Does your kid really care about church?

Whenever Pew releases another study on religious habits there’s always plenty of juicy details that don’t necessarily come out in the headlines. This month’s study has a few funny conclusions, and a few eyebrow-raisers, too.

It probably isn’t a surprise that both teens and parents think the other cares more about religion than they do. On both sides, the parents and children overestimated how important religion is to the other. That doesn’t seem too surprising; parents probably assume their kids’ faith is important aspirationally, while children probably perceive a greater importance because parents are making it a point to pass that faith along. When there are differences between teens and parents, it tends to be the teens who are less religious; again, not a surprise in a world where younger people tend to be overwhelmingly less religious than their elders.

It’s also not surprising that children overwhelmingly share their parents’ religion. Other research demonstrates that, when people leave the church, they tend to do so from 18-35. Of course, living under the influence of a parent and having little autonomy, a teen’s sense of faith is going to be almost completely guided by their parent’s.

Then there’s this little quirk:

Within the broad Protestant category, however, there are stark differences. Eight-in-ten parents who affiliate with an evangelical Protestant denomination have a teen who also identifies as an evangelical Protestant. But among parents who belong to mainline Protestant denominations such as the United Methodist Church, the Episcopal Church and the Presbyterian Church (U.S.A.), 55% have a teen who identifies in the same way – and 24% have a teen who is unaffiliated.

Why is it that evangelicals teens are more likely to identify with their parents’ religion? Is there something about the fire-and-brimstone consequences that makes them more likely to stay involved? Or is there something less engaging about “mainline” denominations?

Also notable is the trend among teens towards a relativistic or pluralistic view of religion. Excepting the evangelicals, a slight majority of religious teens believe that “many religions may be true,” a marked change from the historical concept of religion. It seems to indicate a future in which religious conflict is tempered by an understanding that truth may take many forms, or perhaps indicates an abandonment of objective truth that might make it difficult for any two people to agree on something.

What happened to online church?

Are you still going to church? Virtually, I mean. Some places are holding physically distant, reduced capacity meetings, of course. Some have experimented with outdoor services, although winter is coming quickly. But the majority of churches are still holding online, virtual services. The people, though, are giving up.

The research from the Barna Group in June gave a pretty shocking picture of the state of faith in America. About half of people were still “attending” virtual church, less than a third were engaging with church leadership, less than 15% were participating in a discussion group or bible study. It isn’t a surprise that people wouldn’t immediately embrace this unusual method of churchgoing, but the shocking part about these statistics is that they are amongst regular churchgoers! That means, even within the church’s most devoted followers, membership is waning in an unprecedented way.

Personally, I was pretty committed to regular Sunday viewing in the spring and early summer. I was definitely one of the “hoppers” that the research mentions, switching freely between several services at congregations which I wouldn’t normally attend. The incredible ease of access to a variety of churches made “attending” different services fun and novel. I would switch between several live, or watch portions of other churches’ later in the day.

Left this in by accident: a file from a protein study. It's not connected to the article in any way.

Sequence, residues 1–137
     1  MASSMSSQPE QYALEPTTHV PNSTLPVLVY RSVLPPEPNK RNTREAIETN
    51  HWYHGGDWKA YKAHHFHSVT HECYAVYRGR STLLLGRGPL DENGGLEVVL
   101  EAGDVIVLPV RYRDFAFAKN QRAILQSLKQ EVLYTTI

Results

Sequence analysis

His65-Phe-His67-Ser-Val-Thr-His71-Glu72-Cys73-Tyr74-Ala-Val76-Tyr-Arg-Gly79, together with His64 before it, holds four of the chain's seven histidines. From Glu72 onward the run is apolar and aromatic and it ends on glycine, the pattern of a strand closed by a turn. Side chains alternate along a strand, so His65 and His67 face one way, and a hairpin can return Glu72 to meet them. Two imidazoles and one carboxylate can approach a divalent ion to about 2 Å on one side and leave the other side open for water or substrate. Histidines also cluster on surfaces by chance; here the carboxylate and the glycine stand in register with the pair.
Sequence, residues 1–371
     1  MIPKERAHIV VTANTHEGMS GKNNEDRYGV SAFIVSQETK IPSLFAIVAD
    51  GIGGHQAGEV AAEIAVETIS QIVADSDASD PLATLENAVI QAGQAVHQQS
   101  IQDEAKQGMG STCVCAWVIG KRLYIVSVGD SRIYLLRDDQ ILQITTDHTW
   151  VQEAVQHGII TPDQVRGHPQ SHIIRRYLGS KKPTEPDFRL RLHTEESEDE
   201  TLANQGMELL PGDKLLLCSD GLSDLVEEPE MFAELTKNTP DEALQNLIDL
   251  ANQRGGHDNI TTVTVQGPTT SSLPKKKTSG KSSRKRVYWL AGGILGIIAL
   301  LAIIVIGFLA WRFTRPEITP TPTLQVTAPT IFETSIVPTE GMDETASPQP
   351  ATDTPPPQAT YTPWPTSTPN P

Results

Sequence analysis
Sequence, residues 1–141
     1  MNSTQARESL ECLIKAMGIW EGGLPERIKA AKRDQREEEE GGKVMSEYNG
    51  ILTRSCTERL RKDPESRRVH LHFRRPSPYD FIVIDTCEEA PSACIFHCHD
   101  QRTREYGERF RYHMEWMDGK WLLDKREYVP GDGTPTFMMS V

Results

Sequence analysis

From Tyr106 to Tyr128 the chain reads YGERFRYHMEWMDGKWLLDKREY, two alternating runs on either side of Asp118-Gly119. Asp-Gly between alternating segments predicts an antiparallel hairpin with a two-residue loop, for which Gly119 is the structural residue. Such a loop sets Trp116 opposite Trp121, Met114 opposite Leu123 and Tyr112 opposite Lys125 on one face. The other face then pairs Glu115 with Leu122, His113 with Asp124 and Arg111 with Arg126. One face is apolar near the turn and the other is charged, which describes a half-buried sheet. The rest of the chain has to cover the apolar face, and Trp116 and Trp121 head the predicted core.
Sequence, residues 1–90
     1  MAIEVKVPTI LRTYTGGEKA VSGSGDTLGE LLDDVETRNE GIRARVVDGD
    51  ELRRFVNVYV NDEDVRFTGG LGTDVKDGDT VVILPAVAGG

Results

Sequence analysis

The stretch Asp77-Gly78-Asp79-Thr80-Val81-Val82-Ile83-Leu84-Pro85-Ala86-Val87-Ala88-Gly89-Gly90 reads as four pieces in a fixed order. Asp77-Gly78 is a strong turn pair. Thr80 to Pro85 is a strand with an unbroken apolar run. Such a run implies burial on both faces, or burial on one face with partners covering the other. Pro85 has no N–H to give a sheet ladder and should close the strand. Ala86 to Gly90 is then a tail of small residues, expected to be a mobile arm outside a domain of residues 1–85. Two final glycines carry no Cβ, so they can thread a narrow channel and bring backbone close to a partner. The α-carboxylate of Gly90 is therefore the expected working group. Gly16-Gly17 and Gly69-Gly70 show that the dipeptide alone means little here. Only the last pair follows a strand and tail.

That has slowly dwindled, and now I find myself zipping past Sunday without even thinking about booting up a live stream. The incredible variety of online services available was also its undoing: although I enjoyed getting to experience each church’s take on virtual service early on, after several weeks I wasn’t engaged enough to continue. There is only so much novelty a virtual service can offer, after all, and by simply passively watching I wasn’t really engaging with any one church.

I wonder how much the numbers have fallen off since June. One can only assume that my personal experience mirrors a trend. One also has to wonder how this will change churchgoing in the future; it seems equally as likely that churchgoers who have fallen off in virtual attendance will happily return in person as it does that they simply become lapsed practitioners.

One thing is certain: in order to maintain worshipers, churches have to find a way to increase real engagement. Not just getting people to passively watch their productions, but engage in community in a significant way, as they would by attending. Many congregations are constantly innovating new ways to address this. The social and communal aspects of church are lost in a virtual ceremony, and these are the primary factors in retention in a normal church setting. If churches are going to continue to be restricted in their ability to hold in-person services, they will need to find a better way to simulate this communal engagement if they hope to retain parishioners in the short-term.

Holy Murals: how a new WPA could save the church

We don’t really make murals anymore. Not like we used to, at least. Lots of old post offices or fancy lobbies from a certain era have sweeping wall art, mosaic or hand painted, depicting industrious Americans or verdant farms or, sometimes, nothing specific at all. Most of these are a creation of artists employed by the Works Progress Administration of the 1930s, where artists unemployed by the Great Depression were hired by the federal government to beautify public spaces and enrich American culture.

San Pedro, CA post office

These WPA murals are from the 30s, but if you’re like me you almost think of them in a similar class to the ubiquitous murals behind altars in churches. These reredos or apse walls tend to date more to the 60s, when there was a huge boom in contemporary church architecture. They tend to be gold.

Cabrini Shrine, NYC